Some citizens are against all forms of abortion, as is their right. Under Roe, those people had the same rights. They could decide in the case of a pregnancy not to pursue any medical care whatsoever in many cases. The push, led by Christians, to overturn Roe imposed their values on everyone, including other religions who have no problem with abortion.
The most salient counterargument here is that anti-abortion law safeguards the individual right to life by making it illegal for one person to take the life of another. The problem with that counterargument is the collective finding of the medical and scientific community, whose overwhelming consensus is that it does not constitute a viable human life, jeopardises the life of the mother, and that no one has an obligation to subject their body to the preservation of another. That’s not a personal opinion on the matter – that is the scientific and medical consensus on the matter, as expressed by people who have done countless hours of research and understand the matter thoroughly.
Why we as a society are expected to disregard all of that because some people have a particular religious belief is beyond my understanding of how anything works. Least of all democracy or society.
Marc Maron’s special End Times Fun goes into a speech that covers the specific anxiety I have well:
It speaks back to Part I:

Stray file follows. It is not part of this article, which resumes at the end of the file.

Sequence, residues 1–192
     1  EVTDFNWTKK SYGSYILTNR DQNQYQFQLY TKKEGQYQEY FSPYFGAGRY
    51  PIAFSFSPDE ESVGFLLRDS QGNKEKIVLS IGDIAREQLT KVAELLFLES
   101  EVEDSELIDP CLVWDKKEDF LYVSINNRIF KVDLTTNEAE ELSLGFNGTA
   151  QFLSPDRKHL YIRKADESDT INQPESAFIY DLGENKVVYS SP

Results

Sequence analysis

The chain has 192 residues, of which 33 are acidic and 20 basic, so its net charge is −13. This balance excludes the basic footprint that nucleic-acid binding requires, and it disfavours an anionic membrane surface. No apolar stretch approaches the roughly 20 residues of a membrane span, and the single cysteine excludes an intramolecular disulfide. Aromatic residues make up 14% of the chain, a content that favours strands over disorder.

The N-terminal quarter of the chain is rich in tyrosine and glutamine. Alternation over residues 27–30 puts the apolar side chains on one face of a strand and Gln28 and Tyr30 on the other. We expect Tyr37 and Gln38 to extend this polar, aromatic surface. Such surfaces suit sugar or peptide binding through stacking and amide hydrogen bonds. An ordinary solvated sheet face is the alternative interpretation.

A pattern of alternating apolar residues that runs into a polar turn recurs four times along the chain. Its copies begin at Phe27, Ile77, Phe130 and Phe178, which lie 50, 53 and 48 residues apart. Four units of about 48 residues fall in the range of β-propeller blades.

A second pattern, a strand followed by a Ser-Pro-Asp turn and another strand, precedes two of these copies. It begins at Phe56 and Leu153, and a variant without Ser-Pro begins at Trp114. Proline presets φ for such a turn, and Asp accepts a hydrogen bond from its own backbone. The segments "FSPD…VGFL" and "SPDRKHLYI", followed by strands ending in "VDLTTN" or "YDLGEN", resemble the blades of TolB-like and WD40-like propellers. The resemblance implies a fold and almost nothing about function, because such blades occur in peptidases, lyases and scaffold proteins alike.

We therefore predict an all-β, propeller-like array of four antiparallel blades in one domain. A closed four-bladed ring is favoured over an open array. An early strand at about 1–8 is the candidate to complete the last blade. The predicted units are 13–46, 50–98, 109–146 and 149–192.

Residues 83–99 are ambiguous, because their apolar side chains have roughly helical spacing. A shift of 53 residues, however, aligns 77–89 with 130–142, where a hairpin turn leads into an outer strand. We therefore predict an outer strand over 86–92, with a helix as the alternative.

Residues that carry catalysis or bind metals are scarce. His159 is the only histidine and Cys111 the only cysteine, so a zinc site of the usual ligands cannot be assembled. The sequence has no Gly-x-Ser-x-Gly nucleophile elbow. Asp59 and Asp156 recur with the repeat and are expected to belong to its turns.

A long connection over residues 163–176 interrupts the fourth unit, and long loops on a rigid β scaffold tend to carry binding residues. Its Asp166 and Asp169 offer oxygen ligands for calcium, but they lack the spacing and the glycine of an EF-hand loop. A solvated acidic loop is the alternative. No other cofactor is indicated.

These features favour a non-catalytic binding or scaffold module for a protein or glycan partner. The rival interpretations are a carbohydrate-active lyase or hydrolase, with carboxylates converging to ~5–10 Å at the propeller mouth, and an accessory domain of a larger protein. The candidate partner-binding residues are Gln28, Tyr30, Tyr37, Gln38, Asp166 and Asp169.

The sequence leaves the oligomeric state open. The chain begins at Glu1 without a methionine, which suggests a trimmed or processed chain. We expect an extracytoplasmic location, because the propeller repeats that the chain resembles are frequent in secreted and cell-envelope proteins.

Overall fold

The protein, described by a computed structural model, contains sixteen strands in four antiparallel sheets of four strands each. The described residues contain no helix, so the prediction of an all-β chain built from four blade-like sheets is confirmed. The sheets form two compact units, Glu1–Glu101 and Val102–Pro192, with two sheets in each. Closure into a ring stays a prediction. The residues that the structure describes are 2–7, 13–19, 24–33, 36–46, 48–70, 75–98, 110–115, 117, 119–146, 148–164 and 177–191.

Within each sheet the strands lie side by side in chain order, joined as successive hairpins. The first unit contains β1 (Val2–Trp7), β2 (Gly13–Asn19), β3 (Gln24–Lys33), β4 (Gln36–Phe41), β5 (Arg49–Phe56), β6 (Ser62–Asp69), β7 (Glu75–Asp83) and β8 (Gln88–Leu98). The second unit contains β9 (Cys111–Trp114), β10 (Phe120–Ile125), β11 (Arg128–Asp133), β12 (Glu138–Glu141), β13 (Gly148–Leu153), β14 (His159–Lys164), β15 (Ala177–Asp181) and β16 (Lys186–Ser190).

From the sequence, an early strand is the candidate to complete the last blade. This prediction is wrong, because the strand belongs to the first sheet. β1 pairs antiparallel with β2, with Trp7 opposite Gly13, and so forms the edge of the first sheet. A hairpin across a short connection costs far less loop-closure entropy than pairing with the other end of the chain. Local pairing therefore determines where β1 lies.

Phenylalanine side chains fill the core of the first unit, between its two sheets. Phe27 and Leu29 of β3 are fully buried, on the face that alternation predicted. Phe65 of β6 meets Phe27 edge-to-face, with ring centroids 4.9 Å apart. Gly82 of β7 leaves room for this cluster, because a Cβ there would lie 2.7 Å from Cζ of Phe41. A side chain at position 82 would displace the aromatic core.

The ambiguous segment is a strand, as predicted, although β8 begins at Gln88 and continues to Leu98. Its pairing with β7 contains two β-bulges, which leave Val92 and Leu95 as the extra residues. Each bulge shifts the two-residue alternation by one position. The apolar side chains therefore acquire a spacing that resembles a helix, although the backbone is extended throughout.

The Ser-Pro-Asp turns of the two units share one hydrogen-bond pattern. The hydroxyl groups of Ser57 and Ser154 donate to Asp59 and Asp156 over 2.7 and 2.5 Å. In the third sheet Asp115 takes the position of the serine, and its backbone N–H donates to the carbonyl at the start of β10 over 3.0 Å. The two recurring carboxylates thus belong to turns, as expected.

There’s a dovetailing of late-stage capitalism and Christian end times prophecy that’s a little fucked up, and I’m sorry, I don’t mean to put this on you, but I’m assuming that the horrendous greed monsters that don’t give a fuck about anything are just hedging their bets.
I am not suggesting a massive global conspiracy like the Q crowd. This does not all have to point to a single group pulling the strings. What seems more likely is, as Maron describes it, a dovetailing of things and the most extreme among us being opportunistic about it.
The anxieties I have about capitalism (expressed in part I) really seemed to grease the wheels for the fundamentalist religious crowd. In their fervour to tear down the secular foundations of our institutions, they have created even larger openings for the capitalists.
It’s not that religion itself is the enemy here. I’m not even singling out Christians. In fact, I’m quite happy to say that we have many Christians around the world just as alarmed as the rest of us and quick to criticise Church involvement in these things. I made specific mention to abortion – I know plenty of devout Christians, opposed to abortion, but committed to Roe and the right for other people to make that decision for themselves.
But the absolute worst of us have grabbed the wheel and managed to facilitate one another in a mad dash that has generational consequences, and my anxiety continues to spike as more and more of them reach existential levels.
One of their greatest accomplishments is the disenfranchisement of the average person; people are disconnected and fed up with governance, with the failures and inadequacies of our institutions. Gerrymandering and highly suspect voting legislation only serves to enhance the ability of our most powerful to insulate themselves from accountability. The oligarchy nature of our economy insulates enterprises by making it difficult for people even to organise boycotts against them without completely disrupting the economy and jeopardising everyone’s lives. But we have to find a way to come together and push back against those forces to provide stability in our democracy and allow people the freedom to live their lives.